I should admit that while I was a big fan in the early 1990s, and owned their first few albums, I am not nearly as familiar with most of the band's albums released since around 2000. I recently picked up the compilation "Then," watched "Gigantic," and have been listening to their podcats, but I'm sure there are several albums' worth of TMBG songs I've just never heard. Maybe I can make up for it by saying that I owned two Mono Puff albums at one point?

They did the odd bit of stand-up comedy. Flans claims to have purchased a copy of the Bee Gees album "Cucumber Castle" on vinyl! The thing that impressed me the most was that after many years of touring the band is extremely comfortable together and comfortable interacting with the audience. Flans stood right at the very edge of the stage bashing his guitar, and during solos even held it out so that fans down in front could strum it. That's faith in your audience! They also had the audience clap on the second beat of each measure in 4/4, that is, 1/CLAP/3/4, 1/CLAP/3/4 and Flans yelled out "OK, now keep it going! Don't slow down, don't speed up! And for God's sake don't stop!" They then proceeded to play "Particle Man" following the audience's beat instead of vice-versa, which made us feel like we had quite the awesome responsibility!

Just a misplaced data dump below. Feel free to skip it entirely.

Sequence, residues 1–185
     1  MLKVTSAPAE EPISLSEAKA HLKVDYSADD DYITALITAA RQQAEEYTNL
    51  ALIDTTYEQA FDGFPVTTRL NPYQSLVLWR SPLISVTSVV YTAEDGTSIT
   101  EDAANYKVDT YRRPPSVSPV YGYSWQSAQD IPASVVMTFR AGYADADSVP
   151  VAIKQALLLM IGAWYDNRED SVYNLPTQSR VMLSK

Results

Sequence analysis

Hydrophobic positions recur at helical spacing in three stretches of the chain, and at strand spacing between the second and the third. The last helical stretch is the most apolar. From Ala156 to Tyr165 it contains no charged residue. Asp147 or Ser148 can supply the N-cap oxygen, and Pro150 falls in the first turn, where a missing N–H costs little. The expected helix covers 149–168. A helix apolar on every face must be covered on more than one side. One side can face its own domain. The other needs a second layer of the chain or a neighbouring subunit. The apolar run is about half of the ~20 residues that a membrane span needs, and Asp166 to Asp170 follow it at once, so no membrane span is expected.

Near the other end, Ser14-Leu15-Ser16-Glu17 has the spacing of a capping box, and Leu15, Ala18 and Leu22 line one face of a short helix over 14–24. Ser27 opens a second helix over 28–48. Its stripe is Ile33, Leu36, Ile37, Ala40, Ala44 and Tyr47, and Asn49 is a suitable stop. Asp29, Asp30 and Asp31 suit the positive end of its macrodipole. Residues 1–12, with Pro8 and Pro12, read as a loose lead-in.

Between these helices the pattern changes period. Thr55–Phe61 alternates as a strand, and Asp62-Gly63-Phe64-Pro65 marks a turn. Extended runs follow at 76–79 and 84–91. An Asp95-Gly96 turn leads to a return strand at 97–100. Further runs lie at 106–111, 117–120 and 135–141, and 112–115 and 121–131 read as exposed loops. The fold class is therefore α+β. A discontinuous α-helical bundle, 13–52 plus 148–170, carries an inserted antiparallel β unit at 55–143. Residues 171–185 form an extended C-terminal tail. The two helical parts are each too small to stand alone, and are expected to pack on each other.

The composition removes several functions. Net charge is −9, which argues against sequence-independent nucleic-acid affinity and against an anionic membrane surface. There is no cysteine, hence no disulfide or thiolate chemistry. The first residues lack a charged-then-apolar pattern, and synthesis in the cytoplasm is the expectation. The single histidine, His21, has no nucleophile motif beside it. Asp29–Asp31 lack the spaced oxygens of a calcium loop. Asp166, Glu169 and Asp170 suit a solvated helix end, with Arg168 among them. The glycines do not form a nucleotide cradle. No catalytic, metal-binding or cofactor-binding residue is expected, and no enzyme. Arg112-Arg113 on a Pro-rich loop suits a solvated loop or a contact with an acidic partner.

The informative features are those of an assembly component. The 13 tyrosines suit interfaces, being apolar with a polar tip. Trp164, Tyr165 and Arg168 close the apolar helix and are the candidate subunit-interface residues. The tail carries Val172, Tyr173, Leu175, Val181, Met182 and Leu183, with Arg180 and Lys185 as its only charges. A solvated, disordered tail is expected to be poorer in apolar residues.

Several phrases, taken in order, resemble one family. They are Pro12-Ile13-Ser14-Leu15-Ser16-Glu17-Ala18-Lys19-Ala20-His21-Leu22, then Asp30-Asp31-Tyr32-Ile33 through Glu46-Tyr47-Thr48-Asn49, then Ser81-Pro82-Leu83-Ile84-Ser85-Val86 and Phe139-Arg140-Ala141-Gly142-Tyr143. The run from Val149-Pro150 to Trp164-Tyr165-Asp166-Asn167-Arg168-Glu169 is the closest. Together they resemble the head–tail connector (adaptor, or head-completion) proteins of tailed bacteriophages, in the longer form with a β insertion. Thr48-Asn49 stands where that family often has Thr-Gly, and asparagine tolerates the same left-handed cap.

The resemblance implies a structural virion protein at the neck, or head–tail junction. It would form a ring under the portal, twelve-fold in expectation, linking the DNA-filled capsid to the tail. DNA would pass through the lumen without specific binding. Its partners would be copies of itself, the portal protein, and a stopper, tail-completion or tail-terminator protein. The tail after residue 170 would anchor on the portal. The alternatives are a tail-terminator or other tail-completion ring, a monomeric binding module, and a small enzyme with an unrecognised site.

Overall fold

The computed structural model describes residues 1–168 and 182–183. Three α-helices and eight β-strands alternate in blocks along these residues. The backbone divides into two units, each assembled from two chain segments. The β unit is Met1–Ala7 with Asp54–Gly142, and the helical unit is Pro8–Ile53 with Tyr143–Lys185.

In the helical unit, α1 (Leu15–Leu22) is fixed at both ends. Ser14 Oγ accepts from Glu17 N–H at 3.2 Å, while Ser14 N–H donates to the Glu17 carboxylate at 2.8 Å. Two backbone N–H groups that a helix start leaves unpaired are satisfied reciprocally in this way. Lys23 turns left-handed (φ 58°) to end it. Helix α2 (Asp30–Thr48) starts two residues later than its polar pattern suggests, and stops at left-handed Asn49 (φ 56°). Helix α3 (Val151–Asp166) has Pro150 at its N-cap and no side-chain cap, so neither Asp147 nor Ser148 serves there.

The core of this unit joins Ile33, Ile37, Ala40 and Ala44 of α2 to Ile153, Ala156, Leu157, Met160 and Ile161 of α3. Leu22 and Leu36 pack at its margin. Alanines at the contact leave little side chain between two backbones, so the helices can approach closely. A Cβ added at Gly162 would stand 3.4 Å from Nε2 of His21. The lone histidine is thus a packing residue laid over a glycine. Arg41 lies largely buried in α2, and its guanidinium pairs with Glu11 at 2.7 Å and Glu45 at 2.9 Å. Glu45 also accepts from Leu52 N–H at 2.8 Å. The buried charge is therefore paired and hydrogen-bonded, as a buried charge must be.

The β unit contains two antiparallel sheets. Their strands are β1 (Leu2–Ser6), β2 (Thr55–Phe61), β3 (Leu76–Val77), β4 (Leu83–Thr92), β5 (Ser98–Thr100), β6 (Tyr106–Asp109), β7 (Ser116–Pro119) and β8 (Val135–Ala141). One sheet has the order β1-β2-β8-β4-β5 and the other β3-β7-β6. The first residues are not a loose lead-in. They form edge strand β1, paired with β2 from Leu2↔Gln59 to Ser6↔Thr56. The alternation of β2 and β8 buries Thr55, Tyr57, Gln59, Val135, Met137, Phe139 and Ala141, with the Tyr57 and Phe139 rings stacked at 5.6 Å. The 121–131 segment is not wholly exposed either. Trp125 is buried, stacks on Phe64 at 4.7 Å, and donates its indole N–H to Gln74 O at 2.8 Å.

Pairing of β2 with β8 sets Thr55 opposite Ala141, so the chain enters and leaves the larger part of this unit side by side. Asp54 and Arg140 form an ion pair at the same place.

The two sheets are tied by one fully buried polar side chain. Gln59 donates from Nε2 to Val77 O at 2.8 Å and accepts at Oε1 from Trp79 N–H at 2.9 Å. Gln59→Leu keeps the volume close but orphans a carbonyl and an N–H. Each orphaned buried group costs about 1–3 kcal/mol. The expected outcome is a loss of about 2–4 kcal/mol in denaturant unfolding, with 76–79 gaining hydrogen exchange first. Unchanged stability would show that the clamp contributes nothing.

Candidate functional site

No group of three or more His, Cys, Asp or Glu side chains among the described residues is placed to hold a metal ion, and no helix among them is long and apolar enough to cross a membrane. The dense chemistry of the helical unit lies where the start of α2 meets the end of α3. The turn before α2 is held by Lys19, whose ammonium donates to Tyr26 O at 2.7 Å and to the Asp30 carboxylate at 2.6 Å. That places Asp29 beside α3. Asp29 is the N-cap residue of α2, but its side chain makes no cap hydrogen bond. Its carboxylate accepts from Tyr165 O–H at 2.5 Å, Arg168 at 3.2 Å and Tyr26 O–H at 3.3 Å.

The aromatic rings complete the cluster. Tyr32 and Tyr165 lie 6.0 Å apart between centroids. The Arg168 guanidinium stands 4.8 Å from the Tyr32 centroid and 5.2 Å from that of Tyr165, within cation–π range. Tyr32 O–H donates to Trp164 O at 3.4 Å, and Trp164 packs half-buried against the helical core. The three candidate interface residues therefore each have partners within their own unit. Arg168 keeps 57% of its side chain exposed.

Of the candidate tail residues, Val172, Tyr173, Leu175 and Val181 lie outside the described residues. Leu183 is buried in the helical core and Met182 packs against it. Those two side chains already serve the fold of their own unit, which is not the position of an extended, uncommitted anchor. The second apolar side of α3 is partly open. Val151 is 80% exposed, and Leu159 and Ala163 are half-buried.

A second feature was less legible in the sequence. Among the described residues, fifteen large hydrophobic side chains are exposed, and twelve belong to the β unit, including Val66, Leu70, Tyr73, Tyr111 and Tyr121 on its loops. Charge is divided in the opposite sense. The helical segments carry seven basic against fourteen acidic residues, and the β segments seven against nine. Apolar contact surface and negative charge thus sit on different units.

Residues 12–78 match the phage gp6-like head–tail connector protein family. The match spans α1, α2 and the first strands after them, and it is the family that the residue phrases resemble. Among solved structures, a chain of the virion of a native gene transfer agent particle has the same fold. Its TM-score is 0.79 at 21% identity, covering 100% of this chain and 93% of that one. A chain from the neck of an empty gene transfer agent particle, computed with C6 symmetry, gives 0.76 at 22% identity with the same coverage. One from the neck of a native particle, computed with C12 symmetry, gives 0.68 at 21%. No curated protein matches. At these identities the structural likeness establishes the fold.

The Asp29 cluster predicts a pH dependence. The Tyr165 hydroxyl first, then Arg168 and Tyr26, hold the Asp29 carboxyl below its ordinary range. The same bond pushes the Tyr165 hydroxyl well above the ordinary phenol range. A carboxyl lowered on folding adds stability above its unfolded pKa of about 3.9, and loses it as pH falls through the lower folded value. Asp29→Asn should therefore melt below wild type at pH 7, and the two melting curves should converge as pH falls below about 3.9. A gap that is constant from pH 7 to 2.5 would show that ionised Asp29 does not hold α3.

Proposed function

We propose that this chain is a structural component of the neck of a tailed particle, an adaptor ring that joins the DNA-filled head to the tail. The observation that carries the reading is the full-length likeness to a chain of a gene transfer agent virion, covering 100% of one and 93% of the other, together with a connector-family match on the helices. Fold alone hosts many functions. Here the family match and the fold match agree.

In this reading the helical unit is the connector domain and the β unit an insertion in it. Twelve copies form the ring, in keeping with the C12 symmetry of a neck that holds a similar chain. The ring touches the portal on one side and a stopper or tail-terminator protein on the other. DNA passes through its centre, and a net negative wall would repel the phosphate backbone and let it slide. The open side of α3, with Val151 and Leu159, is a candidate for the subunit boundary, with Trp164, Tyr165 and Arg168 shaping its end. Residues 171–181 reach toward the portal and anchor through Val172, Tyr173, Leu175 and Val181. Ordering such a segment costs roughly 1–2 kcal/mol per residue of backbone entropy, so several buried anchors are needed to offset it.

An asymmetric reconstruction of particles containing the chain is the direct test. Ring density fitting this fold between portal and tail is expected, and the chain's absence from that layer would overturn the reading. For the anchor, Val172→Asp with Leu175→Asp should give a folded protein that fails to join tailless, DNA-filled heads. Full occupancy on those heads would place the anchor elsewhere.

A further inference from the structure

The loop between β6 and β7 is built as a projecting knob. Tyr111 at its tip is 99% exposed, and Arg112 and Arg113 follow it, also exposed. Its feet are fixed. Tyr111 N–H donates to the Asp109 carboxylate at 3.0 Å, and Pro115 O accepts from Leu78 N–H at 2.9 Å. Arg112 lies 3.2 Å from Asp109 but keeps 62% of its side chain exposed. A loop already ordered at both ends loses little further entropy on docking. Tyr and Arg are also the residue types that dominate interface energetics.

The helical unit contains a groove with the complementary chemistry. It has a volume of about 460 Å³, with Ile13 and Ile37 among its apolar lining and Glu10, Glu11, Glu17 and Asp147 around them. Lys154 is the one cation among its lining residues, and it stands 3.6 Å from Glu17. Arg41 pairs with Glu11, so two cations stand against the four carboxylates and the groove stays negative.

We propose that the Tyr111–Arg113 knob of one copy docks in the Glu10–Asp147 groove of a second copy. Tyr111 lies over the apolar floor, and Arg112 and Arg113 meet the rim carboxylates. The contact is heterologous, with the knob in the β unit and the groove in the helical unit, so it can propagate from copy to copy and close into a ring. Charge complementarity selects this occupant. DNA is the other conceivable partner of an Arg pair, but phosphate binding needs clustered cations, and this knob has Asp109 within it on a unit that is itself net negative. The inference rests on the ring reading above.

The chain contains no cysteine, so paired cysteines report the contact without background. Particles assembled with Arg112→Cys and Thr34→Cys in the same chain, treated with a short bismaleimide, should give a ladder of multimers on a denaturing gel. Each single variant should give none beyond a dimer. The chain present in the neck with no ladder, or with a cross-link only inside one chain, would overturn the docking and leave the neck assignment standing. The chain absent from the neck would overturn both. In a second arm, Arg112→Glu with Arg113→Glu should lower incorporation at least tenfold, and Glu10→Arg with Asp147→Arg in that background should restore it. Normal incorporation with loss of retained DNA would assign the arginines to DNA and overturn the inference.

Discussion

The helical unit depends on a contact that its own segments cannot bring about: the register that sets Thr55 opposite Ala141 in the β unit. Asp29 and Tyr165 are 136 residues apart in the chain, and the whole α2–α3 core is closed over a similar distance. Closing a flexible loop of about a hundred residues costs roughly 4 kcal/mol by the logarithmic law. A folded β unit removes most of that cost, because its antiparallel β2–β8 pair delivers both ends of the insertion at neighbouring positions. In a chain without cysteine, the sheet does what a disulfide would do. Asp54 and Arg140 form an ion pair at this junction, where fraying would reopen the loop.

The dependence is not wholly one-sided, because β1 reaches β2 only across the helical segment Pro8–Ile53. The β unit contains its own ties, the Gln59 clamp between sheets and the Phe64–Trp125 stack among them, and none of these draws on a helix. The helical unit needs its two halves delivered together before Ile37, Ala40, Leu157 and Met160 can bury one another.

In general, the Johns were not quite in top form for ever song, but got energized as the set went on and ended the show well. The only downside was that after two encores the show went so long, until 11 p.m., that we couldn't get a bus home. Grace had to come and pick us up!

Tuesday, November 13, 2007

Ticketmaster, Still

Isaac and I are going to see They Might Be Giants at the Michigan Theater tomorrow night.

Our tickets cost $25 each. So, $50. But then Ticketmaster charged us an additional $38.57 in convenience fees combined with their lowest-price delivery service.